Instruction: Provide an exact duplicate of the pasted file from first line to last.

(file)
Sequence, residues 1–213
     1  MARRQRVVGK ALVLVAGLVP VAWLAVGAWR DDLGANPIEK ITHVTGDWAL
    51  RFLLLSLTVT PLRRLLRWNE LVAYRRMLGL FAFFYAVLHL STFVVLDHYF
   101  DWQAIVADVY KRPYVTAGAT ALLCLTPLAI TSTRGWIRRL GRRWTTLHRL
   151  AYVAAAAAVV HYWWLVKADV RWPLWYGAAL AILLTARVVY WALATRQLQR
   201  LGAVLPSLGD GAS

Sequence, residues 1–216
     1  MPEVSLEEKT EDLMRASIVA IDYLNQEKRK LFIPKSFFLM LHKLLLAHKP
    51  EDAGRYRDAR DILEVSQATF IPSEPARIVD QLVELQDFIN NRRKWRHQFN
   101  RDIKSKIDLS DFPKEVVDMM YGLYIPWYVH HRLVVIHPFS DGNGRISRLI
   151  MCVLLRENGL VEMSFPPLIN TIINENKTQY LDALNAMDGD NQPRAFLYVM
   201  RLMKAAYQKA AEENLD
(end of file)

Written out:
Sequence, residues 1–213
     1  MARRQRVVGK ALVLVAGLVP VAWLAVGAWR DDLGANPIEK ITHVTGDWAL
    51  RFLLLSLTVT PLRRLLRWNE LVAYRRMLGL FAFFYAVLHL STFVVLDHYF
   101  DWQAIVADVY KRPYVTAGAT ALLCLTPLAI TSTRGWIRRL GRRWTTLHRL
   151  AYVAAAAAVV HYWWLVKADV RWPLWYGAAL AILLTARVVY WALATRQLQR
   201  LGAVLPSLGD GAS

Sequence, residues 1–216
     1  MPEVSLEEKT EDLMRASIVA IDYLNQEKRK LFIPKSFFLM LHKLLLAHKP
    51  EDAGRYRDAR DILEVSQATF IPSEPARIVD QLVELQDFIN NRRKWRHQFN
   101  RDIKSKIDLS DFPKEVVDMM YGLYIPWYVH HRLVVIHPFS DGNGRISRLI
   151  MCVLLRENGL VEMSFPPLIN TIINENKTQY LDALNAMDGD NQPRAFLYVM
   201  RLMKAAYQKA AEENLD